Here is yet another dish from the Ad Hoc at Home cookbook. The recipe calls for baby leeks, but since those are hard to find, I went with asparagus instead. I used the leftover romesco sauce from the previous blog post, and then I pan roasted the monkfish with rosemary, thyme, and garlic. I bought the monkfish at Isaacson and Stein, where they just sell whole monkfish tails, and they leave it to the customer to actually fabricate the fish. Monkfish are really ugly, prehistoric looking creatures, and a giant fish doesn't really yield that much edible meat. Monkfish are almost all head and jaws connected to a tail that propels said head and jaws towards its pray. With most fish, you can fillet them fairly easily with a couple quick swipes of the knife down each side of the spine. Monkfish are not so simple. I have seen monkfish fabrication as a challenge on Top Chef before, but I had never actually taken apart a monk fish myself.

To prepare the monkfish, remove it from the fridge about 30 minutes before cooking to let it get to room temperature. Season with salt and pepper, and then sear over high heat in a pan with canola oil for a few minutes (after about 3 minutes check to see if a crust has formed). Add 2 tablespoons of butter turn the heat to medium (you don't want to burn the butter) and, once melted, tilt the pan and baste the monkfish as it is frying. Once one side is nicely browned, turn the monk fish, add a couple sprigs of rosemary, thyme, and garlic along with another tablespoon of butter. Continue to fry/baste for another 3 to 5 minutes until the fish is cooked through and a golden crust has formed on the other side of the fish.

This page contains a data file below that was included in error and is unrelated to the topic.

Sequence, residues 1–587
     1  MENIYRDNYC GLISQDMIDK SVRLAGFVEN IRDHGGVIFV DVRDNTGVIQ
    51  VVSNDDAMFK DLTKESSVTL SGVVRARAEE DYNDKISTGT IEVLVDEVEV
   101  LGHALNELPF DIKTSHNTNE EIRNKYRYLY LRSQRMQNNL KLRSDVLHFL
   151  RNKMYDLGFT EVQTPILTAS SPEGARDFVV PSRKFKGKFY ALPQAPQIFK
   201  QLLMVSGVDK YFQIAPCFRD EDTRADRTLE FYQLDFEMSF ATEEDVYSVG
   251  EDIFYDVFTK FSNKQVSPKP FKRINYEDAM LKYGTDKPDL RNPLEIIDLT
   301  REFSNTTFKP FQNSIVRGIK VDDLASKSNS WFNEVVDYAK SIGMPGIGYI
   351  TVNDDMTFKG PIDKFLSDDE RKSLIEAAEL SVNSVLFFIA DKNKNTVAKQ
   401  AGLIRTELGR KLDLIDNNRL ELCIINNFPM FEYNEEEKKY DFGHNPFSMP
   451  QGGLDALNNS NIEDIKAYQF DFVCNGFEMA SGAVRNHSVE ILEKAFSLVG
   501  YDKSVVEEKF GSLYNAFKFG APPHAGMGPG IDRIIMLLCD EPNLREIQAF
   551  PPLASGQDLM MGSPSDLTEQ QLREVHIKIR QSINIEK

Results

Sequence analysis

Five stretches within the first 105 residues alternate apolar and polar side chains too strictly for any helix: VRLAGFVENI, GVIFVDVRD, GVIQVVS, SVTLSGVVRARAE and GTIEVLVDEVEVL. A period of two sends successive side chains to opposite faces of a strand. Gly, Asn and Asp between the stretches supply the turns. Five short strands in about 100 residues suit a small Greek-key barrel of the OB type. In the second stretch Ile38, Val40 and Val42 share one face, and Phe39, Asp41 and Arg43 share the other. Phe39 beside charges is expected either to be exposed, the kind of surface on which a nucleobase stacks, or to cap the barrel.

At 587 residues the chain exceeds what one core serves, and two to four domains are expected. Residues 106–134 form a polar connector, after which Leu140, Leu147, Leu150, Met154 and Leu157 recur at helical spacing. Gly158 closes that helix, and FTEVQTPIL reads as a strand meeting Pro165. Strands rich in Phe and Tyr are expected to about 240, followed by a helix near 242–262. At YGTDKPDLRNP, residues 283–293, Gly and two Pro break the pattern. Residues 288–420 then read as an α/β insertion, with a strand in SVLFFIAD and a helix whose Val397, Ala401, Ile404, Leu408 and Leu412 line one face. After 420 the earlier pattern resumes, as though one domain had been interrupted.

Friday, June 11, 2010

Romesco sauce

Last week, we had a great dinner with friends at Mercat a la Planxa (definitely get the tasting menu if you go there), and, being a Spanish restaurant, romesco sauce made more than one appearance in our tasting menu. While I've made several variations of roasted red pepper sauces before, I had never actually made this classic sauce. It's pretty easy to make, and, as this dinner shows, it goes well with quite a few dishes. Here, I served it two ways: with asparagus topped with a fried egg, and with lamb shoulder chops.The lamb shoulder chops had been marinated in a vacuum sealed bag with some oil that had been infused with garlic, pepper, bay lead, rosemary and thyme. Both the lamb and the asparagus were cooked "a la plancha" on my big cast iron griddle.

You can look up several variations of romesco sauce online. Here's what I ended up making, based on the ingredients I had on hand.
2 red bell peppers
4 plum tomatoes
1/4 onion
2 piquillo peppers
1 ancho chile
4 garlic cloves
1T red wine vinegar
1T sherry vinegar
1/4 c olive oil
2-3 inches of a bagguette, crust removed, cubed, and toasted.
1/2 cup slivered almonds, toasted
1 tsp paprika
salt, pepper to taste

Half and core the tomatoes and bell peppers. Cover the tomatoes, bell peppers, onion, and garlic with some a couple tablespoons of olive oil and season with salt and pepper. Roast at 400F for an hour. Let cool and remove the skin from the tomatoes and peppers. Meanwhile, soak the ancho chile in warm water to rehydrate. Combine all the ingredients in a blender and season to taste with salt and pepper. Make sure to toast the almonds, otherwise the nutty flavor of the almonds (which is the thing that makes romesco sauce special) won't come through.